Newborn babies cry a lot, but according to a new study, these cries may be the beginning of language learning. Behavioral scientist Kathleen Wermke of the University of Würzburg in Germany has studied babies’ cries for two decades and believes that infants produce cries that mimic the melodies of their native language. By six months, fetuses have developed enough to be able to pick up sounds; Wermke believes this affects their cry melodies right after birth. “I think cry melody is really the beginning of language development,” she says. Her new study analyzed the digital recordings of melody contour in cries from thirty German and thirty French babies between two and five days old. While all infants produced a wide variety of cries, the scientists found that in general French babies produced more rising contour cries, while German babies produced more falling contour cries. These findings indicate that babies are already imitating the melodies of their respective native languages. Wermke says the study is a reminder that language does not start with the first word or syllable. Her next step is to compare cries from other language backgrounds, like Chinese and Japanese.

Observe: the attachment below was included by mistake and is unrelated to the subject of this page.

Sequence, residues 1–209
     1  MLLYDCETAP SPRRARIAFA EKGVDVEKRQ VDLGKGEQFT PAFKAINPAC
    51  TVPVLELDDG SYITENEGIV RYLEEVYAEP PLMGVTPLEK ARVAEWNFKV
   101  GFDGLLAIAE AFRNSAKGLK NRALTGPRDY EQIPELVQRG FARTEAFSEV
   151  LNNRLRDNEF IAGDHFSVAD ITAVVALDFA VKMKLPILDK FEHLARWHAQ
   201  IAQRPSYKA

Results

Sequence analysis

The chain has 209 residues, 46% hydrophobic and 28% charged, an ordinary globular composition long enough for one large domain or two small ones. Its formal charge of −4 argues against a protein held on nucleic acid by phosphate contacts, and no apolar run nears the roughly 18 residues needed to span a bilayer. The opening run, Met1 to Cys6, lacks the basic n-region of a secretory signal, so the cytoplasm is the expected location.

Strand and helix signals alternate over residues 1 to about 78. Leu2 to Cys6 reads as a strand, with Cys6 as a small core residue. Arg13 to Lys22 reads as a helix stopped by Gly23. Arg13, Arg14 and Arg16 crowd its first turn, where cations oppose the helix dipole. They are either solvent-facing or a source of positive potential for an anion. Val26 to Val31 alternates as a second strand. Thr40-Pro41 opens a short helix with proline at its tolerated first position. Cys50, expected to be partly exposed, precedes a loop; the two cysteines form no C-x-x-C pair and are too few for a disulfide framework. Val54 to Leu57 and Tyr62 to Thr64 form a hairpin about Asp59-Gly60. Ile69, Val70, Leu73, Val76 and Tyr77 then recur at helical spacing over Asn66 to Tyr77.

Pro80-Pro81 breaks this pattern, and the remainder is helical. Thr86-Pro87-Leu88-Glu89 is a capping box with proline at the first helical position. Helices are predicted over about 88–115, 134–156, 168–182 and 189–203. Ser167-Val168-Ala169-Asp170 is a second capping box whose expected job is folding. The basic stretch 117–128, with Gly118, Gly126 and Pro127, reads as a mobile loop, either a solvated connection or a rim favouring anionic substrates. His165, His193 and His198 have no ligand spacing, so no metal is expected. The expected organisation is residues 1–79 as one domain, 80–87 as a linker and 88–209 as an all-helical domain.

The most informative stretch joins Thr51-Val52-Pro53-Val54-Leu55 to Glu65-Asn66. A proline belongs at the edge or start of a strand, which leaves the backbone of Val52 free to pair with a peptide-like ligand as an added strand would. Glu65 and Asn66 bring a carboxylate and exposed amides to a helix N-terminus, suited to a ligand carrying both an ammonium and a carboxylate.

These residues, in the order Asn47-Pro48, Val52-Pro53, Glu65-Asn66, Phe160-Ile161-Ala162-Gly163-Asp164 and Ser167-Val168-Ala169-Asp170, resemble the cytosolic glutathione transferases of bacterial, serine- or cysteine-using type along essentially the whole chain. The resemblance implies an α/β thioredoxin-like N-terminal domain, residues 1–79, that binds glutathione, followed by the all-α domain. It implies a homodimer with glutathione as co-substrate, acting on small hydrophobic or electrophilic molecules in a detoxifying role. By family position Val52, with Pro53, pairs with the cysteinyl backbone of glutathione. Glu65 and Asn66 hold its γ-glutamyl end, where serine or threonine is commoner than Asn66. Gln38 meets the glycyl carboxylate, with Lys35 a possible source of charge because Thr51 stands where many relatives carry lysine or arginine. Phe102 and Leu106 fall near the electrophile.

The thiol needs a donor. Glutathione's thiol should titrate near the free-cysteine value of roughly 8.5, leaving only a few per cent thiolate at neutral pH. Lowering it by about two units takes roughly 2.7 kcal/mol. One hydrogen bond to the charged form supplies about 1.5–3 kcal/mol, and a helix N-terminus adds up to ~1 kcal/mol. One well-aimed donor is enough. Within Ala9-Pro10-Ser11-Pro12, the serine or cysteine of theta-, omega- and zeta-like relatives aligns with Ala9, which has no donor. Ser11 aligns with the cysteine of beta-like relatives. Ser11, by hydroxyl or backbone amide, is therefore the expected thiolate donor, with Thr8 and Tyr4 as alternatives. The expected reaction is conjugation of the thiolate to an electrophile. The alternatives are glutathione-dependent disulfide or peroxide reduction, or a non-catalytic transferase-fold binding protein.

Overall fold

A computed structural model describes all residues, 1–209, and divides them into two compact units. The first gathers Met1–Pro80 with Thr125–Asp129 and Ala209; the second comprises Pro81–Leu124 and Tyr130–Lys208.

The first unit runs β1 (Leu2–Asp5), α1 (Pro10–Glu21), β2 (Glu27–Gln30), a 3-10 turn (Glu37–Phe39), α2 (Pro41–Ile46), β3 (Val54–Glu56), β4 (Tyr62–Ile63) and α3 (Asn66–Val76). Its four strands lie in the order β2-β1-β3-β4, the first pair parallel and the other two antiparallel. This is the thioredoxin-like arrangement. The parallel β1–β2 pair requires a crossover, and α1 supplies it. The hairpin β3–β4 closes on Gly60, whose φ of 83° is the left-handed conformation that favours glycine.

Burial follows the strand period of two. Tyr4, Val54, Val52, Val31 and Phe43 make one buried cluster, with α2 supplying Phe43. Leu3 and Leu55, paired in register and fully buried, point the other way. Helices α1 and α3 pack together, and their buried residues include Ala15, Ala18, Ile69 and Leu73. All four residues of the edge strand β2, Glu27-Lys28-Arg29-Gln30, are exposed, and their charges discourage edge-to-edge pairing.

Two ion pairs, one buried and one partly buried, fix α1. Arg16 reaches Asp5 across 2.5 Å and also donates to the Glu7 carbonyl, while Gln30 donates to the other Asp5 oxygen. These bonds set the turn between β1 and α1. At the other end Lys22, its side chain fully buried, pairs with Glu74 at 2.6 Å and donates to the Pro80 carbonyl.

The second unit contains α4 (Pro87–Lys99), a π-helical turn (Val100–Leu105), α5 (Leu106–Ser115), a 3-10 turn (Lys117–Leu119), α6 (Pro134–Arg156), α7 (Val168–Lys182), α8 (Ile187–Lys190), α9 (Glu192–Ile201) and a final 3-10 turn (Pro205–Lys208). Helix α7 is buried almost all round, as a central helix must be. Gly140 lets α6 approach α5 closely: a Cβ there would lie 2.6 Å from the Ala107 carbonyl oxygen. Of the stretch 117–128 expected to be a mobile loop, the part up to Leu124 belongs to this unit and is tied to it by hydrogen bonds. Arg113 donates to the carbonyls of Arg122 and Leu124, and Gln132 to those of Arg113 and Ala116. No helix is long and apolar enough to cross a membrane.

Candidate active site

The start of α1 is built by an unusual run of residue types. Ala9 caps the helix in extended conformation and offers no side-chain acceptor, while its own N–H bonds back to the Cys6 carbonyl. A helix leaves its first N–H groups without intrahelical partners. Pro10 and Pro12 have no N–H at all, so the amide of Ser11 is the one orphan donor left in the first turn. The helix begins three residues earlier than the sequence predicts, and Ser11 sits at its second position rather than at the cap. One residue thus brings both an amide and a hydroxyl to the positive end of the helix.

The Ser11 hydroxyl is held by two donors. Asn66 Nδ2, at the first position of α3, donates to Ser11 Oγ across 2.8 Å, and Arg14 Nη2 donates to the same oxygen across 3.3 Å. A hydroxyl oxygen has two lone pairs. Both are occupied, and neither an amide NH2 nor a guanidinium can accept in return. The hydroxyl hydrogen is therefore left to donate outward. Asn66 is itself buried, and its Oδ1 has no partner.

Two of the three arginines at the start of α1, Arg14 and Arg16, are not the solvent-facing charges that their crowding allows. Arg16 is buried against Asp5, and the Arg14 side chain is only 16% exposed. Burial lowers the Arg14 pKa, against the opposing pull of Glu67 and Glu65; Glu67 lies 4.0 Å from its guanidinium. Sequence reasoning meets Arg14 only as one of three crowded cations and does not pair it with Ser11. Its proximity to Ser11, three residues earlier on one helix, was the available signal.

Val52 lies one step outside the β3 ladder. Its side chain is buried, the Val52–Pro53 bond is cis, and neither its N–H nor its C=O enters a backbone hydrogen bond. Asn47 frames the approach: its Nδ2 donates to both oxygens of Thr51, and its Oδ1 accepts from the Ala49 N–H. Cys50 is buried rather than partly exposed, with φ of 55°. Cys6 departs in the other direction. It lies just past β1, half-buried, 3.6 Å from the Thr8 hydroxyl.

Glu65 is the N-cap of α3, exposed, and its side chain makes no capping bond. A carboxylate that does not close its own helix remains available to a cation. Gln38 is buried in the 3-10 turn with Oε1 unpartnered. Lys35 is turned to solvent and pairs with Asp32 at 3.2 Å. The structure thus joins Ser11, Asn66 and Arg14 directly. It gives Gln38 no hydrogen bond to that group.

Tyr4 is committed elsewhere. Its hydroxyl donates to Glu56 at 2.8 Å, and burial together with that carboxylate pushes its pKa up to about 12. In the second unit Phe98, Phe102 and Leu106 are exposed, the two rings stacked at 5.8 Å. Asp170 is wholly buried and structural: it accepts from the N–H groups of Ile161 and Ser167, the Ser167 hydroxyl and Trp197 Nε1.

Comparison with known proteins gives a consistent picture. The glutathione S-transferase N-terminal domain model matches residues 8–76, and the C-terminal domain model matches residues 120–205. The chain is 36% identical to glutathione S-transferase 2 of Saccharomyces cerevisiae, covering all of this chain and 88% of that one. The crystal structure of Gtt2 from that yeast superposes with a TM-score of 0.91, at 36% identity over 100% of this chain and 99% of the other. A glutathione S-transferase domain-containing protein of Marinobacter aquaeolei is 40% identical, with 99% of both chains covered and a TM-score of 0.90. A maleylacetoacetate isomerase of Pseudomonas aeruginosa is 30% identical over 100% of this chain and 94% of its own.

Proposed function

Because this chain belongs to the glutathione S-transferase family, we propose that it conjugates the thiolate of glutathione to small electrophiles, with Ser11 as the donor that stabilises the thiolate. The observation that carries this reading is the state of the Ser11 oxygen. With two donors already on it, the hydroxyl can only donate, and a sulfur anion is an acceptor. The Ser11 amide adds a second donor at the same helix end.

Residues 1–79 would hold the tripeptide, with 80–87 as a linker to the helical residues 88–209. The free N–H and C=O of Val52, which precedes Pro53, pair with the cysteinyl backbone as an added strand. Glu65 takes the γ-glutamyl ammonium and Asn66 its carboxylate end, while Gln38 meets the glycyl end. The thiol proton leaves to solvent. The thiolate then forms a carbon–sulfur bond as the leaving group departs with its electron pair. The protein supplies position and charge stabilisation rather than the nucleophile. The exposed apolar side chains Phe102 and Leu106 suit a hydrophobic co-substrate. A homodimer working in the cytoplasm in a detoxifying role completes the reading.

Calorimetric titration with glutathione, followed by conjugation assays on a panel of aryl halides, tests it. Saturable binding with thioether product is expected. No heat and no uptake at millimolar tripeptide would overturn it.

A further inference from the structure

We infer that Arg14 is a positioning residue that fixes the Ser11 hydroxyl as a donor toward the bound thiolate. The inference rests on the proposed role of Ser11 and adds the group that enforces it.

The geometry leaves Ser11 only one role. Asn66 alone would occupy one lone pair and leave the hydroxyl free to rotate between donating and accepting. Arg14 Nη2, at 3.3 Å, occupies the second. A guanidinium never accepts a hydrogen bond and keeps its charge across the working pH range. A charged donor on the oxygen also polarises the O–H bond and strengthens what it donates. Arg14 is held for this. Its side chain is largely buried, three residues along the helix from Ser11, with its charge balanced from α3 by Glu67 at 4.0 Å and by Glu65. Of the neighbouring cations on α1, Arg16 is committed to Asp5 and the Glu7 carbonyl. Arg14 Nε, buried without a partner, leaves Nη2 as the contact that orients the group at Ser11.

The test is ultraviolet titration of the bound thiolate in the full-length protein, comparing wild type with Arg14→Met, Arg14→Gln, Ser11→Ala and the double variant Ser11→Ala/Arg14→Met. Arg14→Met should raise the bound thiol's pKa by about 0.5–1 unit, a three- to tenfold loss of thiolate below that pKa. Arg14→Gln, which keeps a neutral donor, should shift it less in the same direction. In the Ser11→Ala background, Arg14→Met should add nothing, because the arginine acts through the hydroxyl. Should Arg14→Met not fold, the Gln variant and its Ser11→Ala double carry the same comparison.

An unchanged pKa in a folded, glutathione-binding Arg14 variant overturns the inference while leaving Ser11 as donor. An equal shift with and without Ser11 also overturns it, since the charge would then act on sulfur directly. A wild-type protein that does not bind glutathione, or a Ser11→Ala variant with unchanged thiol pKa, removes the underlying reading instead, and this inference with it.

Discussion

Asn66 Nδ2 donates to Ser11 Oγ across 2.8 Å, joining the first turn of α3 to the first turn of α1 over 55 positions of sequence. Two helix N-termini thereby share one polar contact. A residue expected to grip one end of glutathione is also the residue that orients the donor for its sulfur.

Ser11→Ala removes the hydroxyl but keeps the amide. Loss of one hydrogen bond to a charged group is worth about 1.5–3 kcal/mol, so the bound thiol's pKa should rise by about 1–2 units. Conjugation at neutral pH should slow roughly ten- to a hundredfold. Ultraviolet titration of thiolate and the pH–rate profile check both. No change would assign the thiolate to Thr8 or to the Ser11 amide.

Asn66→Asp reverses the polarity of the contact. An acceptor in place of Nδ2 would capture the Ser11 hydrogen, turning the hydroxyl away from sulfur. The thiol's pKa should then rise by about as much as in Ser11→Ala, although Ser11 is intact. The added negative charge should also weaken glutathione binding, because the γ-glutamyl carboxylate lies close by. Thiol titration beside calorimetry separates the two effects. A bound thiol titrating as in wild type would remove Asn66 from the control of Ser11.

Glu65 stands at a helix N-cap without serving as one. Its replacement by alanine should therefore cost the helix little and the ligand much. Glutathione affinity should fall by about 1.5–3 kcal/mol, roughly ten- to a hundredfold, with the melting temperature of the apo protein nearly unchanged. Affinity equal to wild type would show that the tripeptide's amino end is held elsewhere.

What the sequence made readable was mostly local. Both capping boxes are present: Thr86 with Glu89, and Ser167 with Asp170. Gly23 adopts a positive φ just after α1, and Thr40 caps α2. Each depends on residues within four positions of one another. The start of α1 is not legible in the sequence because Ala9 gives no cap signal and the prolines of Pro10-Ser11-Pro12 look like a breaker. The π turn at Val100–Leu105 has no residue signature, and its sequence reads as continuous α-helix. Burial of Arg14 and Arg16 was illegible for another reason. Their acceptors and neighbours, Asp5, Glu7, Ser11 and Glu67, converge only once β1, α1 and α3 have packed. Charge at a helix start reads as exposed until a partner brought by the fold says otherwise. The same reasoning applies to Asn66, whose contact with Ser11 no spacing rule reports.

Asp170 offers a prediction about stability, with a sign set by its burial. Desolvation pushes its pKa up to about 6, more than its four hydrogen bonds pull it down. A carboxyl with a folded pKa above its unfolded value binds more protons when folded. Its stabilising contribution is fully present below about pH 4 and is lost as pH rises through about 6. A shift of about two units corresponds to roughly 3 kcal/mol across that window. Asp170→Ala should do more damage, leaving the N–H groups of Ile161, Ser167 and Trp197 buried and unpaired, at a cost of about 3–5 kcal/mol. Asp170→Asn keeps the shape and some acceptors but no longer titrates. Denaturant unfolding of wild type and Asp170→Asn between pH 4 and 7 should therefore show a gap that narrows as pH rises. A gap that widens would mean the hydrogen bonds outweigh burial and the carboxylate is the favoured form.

How does this relate to human potential?